Few faced strict regulations pressure like Paddy O’Shea’s, which until recently had a limit of one person per table–pretty tough for a typically packed sports bar! Even so, Paddy’s has endured, even taking its weekly quiz online at one point, and has started to screen sports again. Paddy’s also has good weekday food deals–buy a dish, get a beer–including Irish poutine on Tuesdays and fish ‘n’ chips on Fridays. If you haven’t been to the expanded Paddy O’Shea’s–they took over the restaurant next door, thus doubling the floor space, including an indoor balcony–give it a look. Plus, it has an even bigger cider list now. Plus, Indian food from Ganges upstairs.
Closer to Sanlitun proper, Groovy Schiller’s hasn’t done much different, except remain open every day this year, which is a kind of achievement itself. This place took on the nickname “the fort” these past months, with the addition of some ceremonial cannons to symbolize the battle against the siege of the virus. Co-owner Jack Zhou, who runs a Groovy Schiller’s branch in Changsha, aims to upgrade the pizza to be best in the city. Look out Pie Squared!
I should note Beijing bars, at least the ones I visited, still require patrons to do a temperature check and register info like their name and phone number–Johan at Groovy Schiller’s has manned the door and done this every day since the virus crisis started! You can expect to do checks when going into malls or into places like Sanlitun Courtyard, home to Nanjie, Q Mex, The Local, The Rug, Taco Bar, Home Plate, Tiens Tiens, Lucky Las Vegas et al.
That courtyard has been a barometer for the crisis, with limited access (north and south entrances) and limited capacities at bars. At one point, at least some venues were allowed just 15 people, a number later raised to 25. I’m not sure what it is now–I’ll stop by later this week–but it’s been tough times for many venues there.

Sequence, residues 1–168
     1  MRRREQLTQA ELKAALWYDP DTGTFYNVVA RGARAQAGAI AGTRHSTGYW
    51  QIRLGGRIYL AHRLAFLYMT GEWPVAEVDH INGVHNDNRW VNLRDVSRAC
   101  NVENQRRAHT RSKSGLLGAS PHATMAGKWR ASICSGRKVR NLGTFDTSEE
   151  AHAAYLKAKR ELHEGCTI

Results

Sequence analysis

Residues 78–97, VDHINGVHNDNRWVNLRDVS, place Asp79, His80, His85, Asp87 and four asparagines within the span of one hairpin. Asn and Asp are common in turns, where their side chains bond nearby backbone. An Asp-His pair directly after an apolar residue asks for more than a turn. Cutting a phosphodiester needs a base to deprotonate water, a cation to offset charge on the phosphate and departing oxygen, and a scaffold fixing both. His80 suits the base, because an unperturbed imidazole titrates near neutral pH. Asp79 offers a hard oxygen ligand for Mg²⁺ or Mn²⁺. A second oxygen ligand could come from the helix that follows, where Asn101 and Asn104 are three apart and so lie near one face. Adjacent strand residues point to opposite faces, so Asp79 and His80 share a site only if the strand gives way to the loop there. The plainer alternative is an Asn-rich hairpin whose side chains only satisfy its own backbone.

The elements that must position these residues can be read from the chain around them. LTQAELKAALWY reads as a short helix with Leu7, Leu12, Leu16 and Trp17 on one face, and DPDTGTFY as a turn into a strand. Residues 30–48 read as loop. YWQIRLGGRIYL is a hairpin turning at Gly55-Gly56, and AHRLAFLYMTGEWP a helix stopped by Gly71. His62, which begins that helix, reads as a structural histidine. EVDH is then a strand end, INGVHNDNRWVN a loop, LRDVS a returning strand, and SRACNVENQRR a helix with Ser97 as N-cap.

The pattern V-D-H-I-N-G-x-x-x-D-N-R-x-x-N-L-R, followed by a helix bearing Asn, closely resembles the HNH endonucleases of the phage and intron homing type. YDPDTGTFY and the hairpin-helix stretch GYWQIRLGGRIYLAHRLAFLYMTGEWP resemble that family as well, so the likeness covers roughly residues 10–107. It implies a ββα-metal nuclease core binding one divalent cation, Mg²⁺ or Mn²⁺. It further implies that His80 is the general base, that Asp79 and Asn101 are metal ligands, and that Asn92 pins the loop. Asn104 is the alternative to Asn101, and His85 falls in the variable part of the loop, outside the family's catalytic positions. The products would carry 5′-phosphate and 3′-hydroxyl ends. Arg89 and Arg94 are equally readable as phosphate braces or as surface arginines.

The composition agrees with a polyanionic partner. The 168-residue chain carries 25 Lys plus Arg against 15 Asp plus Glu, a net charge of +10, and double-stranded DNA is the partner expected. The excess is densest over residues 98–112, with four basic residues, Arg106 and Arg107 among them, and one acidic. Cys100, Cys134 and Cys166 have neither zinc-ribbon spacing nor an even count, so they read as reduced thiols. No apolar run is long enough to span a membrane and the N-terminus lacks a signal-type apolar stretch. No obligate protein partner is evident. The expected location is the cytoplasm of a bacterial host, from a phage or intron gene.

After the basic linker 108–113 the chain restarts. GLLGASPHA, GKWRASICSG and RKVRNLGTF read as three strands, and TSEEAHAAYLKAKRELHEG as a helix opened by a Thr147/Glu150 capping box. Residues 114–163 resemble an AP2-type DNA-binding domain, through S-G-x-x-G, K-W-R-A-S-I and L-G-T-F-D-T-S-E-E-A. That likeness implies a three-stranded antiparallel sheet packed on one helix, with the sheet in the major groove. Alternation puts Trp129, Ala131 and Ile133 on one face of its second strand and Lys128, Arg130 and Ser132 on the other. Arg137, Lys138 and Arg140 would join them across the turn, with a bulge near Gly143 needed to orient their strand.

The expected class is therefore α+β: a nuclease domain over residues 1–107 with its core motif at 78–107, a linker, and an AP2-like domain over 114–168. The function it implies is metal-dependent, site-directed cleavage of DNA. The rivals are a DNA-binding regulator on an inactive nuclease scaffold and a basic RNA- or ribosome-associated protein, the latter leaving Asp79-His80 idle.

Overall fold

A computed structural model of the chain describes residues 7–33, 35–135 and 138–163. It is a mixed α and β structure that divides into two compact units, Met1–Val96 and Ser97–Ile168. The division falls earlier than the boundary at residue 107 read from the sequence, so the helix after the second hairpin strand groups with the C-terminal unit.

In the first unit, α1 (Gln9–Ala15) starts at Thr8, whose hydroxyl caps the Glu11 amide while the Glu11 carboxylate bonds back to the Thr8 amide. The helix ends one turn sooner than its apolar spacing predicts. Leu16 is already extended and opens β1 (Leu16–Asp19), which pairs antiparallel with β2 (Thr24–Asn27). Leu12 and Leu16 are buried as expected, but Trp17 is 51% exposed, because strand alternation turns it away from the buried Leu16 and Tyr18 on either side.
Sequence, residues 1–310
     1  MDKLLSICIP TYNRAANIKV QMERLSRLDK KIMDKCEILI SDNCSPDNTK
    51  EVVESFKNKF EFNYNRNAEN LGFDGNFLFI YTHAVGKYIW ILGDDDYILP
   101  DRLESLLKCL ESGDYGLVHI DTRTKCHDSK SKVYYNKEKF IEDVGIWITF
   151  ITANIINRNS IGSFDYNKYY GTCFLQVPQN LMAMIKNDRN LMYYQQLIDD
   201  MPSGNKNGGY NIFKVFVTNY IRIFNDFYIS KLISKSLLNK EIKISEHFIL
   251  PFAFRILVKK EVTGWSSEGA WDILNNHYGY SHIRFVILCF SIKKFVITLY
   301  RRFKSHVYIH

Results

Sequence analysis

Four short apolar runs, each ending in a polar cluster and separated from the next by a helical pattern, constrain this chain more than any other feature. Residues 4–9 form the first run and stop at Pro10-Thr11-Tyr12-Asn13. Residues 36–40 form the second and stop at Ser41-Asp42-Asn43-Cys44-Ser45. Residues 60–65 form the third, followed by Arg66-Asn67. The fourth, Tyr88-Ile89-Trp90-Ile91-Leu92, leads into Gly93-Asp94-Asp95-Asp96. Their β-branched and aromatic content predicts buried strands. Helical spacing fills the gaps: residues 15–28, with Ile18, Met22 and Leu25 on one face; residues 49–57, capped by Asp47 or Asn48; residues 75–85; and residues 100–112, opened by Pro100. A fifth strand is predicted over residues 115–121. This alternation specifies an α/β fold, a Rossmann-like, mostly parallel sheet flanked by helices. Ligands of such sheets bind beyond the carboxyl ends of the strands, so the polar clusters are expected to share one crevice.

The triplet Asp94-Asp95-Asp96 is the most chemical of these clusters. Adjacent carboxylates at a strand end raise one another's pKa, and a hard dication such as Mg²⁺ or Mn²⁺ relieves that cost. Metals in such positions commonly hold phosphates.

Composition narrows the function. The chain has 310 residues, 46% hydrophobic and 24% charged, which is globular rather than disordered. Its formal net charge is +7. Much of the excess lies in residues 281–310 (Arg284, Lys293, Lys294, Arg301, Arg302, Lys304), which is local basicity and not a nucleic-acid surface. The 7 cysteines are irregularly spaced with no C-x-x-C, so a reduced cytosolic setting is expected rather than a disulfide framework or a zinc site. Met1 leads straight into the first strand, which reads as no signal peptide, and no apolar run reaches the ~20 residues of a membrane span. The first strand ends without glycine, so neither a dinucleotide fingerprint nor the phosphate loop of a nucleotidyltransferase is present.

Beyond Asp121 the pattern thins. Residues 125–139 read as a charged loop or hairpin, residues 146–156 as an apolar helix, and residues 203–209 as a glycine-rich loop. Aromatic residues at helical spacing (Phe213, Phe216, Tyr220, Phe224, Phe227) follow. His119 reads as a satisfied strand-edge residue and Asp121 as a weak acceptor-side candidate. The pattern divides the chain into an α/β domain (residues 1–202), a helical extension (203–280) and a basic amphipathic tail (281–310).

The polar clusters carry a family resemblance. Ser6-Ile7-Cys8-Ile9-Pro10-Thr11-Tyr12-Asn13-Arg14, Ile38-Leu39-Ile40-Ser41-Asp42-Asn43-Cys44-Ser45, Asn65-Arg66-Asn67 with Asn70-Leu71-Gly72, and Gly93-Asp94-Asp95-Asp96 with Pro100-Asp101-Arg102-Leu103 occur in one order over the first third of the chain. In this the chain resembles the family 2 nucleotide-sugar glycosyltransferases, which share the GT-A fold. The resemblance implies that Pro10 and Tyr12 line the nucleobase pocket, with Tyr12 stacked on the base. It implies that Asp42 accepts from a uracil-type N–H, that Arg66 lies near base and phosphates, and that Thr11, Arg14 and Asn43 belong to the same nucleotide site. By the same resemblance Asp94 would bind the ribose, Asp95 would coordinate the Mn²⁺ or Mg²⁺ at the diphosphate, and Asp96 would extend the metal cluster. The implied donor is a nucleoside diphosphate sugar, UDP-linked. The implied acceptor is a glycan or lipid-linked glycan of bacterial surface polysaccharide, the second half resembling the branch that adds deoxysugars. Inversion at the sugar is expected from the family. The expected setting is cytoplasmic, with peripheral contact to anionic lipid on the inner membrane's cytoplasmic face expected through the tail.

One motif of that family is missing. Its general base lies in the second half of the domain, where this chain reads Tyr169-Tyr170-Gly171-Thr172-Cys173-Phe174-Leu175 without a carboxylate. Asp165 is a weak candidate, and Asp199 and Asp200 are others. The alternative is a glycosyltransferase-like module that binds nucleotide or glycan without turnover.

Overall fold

Another barometer was the B1 level of TopWin across the street. Avocado Tree and April Gourmet were about the only places open during the first long stretch of the virus crisis, then others started reopening, including Shawarma (great value), CHEERS Wine and that most excellent roujiamo (Chinese burger) place toward the south end. Now things are pretty much back to normal, except customer traffic has seemed lighter than usual on my dozen or so visits.
The Bake Shop makes good bagels.
That area around Tongli Studio is busier and busier. I’m not a regular at studio spots, such as First Floor (I’d rather support Groovy Schiller’s) or the club Aurora (I’m way too old for that stuff) but am happy to see that Middle Eastern restaurant veteran Biteapitta is still going. Newcomers might find it hard to believe that area was once jammed full with cheap street-level drink joints, food vendors and a free flow of “characters” til the wee hours.
In Nali Patio, Mosto reopened on May 8 and is currently doing dinner and weekend brunch. Prior to that, Daniel Urdaneta and Alex Molina hosted a series of Mosto pop-up dinners, including with Hatsune’s Alan Wong. Speaking of Burger Box, after announcing it would add a daily “buy one burger set, get another for rmb25” deal and drop its Tuesday “buy one get one free offer, it ended up keeping the latter, too–that’s one of the better weekly offers. Moka Bros opened even earlier than sibling Mosto, though one of its branches, in Shuangjing, closed due to the virus crisis. Check out the all-day happy hour on Thursdays, with rmb35 beer, wine and cocktails. And steady Nali Patio veteran Niajo is doing business as usual, which also means cranking out new business lunch menus each week.
JAZZ-YA IS STILL OPEN! 25 YEARS, PEOPLE!
Mexican restaurant Pebbles deviated a bit from authentic Mexican food mission by reintroducing items such as burritos. Expect some fun dishes as Heng says he’s dealing with this crazy year with some creativity. He’s also boosting the margarita portfolio, including a spicy mango habanero option, among others. And has retained the delivery service started when Wudaoying Hutong was blocked off for more than a month.